Latin American Cities
- Thursday, February 10, 2021
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Support provided by the Sharon and Mauricio Oberfeld Fund for USC Architecture Global Studies Program in Mexico City
Cover photo credit: Arturo Ortiz Struck
Arturo Ortiz, Frida Escobedo, Tania Ragasol, Jose Castillo, and Pedro Reyes in conversation with Dean Milton S. F. Curry.
Mexico City and the Global South are impacted by the exchange of knowledge, economies, labor, goods, and services. Thinking about a new social compact and a hemispheric policy of developing cities and metropolitan areas with an empowering aesthetic and spatial dimension, USC will catalyze new research aimed at building more capacity between the University and its strategic partners, municipalities, and governments, along with architects and scholars through various mechanisms. Through the Initiative, the School of Architecture will support undergraduate and graduate architecture, landscape, and city design studios and interdisciplinary seminar courses to deepen students’ knowledge of the contexts in the Americas. This panel of renowned Latin American artists and architects will serve as an introduction to the critical work centered in this region.
ABOUT THE PANELISTS
Tania Ragasol is an independent art curator and co-founder of Oficina Particular. She is interested in the idea of what is understood as “common," "collaborative,” and “interdiscipline,” as well as the generation of productive bonds between professional agents and diverse audiences.
Frida Escobedo is an architect and designer based in Mexico City. Her work focuses largely on the reactivation of urban spaces that are considered to be residual or forgotten, through projects that range from housing and community centers, to hotels, galleries, and public art installations. In addition to her practice, Frida Escobedo has taught at Columbia University’s Graduate School of Architecture, Planning and Preservation and Harvard Graduate School of Design. She is the recipient of the 2016 Architectural Review Emerging Architecture Award, the 2017 Architectural League Emerging Voices Award, and in 2018 was selected to design the 18th Serpentine Summer Pavilion in London. During spring 2019, she was a visiting professor at RICE University and is currently teaching at Harvard Graduate School of Design.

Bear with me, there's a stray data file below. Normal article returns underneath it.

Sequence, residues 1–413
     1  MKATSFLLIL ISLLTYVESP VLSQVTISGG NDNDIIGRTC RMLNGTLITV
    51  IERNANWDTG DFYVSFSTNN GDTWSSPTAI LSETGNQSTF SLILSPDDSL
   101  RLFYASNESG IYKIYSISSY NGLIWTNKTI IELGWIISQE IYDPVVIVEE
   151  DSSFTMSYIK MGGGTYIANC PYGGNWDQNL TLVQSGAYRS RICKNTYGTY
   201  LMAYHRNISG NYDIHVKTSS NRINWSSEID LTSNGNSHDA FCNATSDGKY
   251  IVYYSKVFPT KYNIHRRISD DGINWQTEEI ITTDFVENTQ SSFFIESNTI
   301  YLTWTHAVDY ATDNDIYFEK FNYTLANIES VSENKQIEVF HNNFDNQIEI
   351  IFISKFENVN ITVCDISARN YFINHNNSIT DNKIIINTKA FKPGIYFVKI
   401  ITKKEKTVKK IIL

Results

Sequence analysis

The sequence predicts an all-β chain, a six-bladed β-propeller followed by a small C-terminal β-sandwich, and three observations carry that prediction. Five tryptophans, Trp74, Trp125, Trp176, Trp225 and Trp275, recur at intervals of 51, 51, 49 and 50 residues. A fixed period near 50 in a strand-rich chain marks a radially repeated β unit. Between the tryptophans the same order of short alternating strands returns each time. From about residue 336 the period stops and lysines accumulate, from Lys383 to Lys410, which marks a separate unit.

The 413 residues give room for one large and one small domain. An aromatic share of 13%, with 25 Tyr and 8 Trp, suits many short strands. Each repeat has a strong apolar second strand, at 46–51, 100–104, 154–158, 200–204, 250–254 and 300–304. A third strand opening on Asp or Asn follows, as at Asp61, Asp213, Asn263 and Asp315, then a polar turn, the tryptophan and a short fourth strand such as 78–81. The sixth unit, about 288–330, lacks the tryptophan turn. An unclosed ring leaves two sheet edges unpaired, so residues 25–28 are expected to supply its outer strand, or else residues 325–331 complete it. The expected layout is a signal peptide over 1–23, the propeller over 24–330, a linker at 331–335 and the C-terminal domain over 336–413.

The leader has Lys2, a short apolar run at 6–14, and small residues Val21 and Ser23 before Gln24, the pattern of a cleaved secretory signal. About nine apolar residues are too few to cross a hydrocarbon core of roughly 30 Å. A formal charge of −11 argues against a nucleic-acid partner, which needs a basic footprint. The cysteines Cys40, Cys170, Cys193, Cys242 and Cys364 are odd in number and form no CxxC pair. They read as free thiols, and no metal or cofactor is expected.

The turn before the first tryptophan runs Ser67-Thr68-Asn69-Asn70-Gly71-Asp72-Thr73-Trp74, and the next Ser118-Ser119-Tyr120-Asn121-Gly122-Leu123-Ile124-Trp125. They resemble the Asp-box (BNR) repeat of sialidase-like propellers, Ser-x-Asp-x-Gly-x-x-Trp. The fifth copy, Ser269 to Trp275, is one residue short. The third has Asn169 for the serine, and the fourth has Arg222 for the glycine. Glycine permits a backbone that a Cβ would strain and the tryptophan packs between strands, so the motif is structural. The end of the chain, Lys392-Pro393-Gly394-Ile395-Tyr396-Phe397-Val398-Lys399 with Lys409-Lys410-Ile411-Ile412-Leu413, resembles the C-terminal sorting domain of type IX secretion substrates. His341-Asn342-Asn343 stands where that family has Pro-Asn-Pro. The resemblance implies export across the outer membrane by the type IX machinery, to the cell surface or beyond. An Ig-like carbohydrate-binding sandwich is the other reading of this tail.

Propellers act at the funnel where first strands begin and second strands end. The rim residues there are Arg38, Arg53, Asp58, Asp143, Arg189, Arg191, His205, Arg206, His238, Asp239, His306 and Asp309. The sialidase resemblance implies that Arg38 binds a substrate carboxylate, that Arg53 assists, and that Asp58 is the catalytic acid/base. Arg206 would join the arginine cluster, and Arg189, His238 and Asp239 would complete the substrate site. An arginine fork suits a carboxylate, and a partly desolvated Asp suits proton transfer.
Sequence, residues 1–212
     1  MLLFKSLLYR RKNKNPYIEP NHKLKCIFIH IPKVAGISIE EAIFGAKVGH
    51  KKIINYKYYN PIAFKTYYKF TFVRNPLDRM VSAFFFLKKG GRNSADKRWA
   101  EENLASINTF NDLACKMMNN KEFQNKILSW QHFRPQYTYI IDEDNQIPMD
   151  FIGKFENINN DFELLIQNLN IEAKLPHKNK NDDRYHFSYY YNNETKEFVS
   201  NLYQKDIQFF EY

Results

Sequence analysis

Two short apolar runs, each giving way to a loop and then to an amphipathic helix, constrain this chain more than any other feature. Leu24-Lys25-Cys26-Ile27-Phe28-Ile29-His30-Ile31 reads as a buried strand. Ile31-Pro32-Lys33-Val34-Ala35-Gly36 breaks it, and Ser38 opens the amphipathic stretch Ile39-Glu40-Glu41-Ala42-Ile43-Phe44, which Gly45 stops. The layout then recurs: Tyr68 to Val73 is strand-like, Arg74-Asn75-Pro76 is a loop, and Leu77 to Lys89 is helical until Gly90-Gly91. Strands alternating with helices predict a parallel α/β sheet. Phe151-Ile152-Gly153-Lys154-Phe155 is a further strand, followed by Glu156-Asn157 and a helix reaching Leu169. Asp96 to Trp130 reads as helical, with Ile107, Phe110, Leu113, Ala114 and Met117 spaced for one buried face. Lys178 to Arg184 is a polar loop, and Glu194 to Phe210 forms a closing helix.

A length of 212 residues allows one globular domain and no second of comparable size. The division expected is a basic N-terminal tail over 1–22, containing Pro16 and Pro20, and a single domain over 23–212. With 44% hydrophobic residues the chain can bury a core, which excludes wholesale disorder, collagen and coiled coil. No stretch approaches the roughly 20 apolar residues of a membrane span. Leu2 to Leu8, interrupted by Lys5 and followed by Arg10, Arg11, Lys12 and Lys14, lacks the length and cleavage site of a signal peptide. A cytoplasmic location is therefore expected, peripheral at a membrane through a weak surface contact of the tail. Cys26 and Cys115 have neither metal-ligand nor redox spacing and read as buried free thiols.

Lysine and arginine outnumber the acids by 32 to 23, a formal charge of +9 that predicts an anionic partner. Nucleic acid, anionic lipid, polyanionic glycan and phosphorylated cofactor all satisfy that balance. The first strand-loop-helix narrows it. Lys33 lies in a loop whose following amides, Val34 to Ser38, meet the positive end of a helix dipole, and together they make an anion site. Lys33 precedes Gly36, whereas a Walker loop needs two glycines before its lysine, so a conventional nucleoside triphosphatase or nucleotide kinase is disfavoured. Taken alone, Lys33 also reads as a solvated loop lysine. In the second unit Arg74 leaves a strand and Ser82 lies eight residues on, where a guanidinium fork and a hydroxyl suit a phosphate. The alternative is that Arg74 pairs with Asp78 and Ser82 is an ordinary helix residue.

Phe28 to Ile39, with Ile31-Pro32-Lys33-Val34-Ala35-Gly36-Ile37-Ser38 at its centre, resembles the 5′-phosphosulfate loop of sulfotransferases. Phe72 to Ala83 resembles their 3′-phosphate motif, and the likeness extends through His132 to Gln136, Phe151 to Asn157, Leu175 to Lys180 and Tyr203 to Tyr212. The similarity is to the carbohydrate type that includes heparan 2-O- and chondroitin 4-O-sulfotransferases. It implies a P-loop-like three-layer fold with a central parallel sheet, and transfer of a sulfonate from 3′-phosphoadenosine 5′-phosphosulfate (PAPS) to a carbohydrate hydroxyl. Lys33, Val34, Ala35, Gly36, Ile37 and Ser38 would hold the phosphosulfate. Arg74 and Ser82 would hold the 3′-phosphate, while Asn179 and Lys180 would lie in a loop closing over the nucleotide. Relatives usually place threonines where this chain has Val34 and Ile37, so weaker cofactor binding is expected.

Arturo Ortiz Struck is an architect based in Mexico City. He completed his master’s studies in knowledge, analysis, theory and history at UNAM. He was a member of the FONCA’s National System for Creators of Art in the fields of architecture (2007-2010) and visual arts (2011-2014) and was a recipient of the Holcim Foundation for Sustainable Construction grant (2008), as well as a grant for art projects from BBVA Foundation (2017). In his architectural and urban design practice, he has carried out a diversity of projects of various scales for private as well as public clients. His affordable housing and sustainable construction projects for middle-class users as well as housing projects completed as part of workshops in informal settlements in Mexico City are a highlight of his work. He currently runs Taller Territorial (Territorial Workshop) out of Mexico City, collaborating with a number architects, urbanists, economists, communication experts, artists, and designers to respond to various projects that relate to territory in fields like art, architecture, journalism and literature.
Jose Castillo holds a degree in architecture from the Iberoamericana University in Mexico City as well as a Master's and a Doctor of Design degree from Harvard University’s Graduate School of Design. He is the founding principal along Saidee Springall of a|911, a practice based in Mexico City. Their work includes research, cultural, institutional, housing, mobility projects, urban design and planning work in various cities in Mexico and Central America.
Pedro Reyes seeks to develop critical discourses with his audience producing works of art and social spaces. His work touches on themes that interact between physical and social spaces, making invisible geometry tangible in our personal relationships. He designs projects that propose playful solutions to social problems, often enlisting viewers as participants, either through individual conversations, therapeutic acts or as creators of objects. His expansive notion of sculpture examines the cognitive contradictions of modern life, and the possibility of overcoming our particular crises by increasing our degree of individual and collective agency. Thus, Reyes explores the power of individual and collective organization to incite change through communication, creativity, happiness and humor.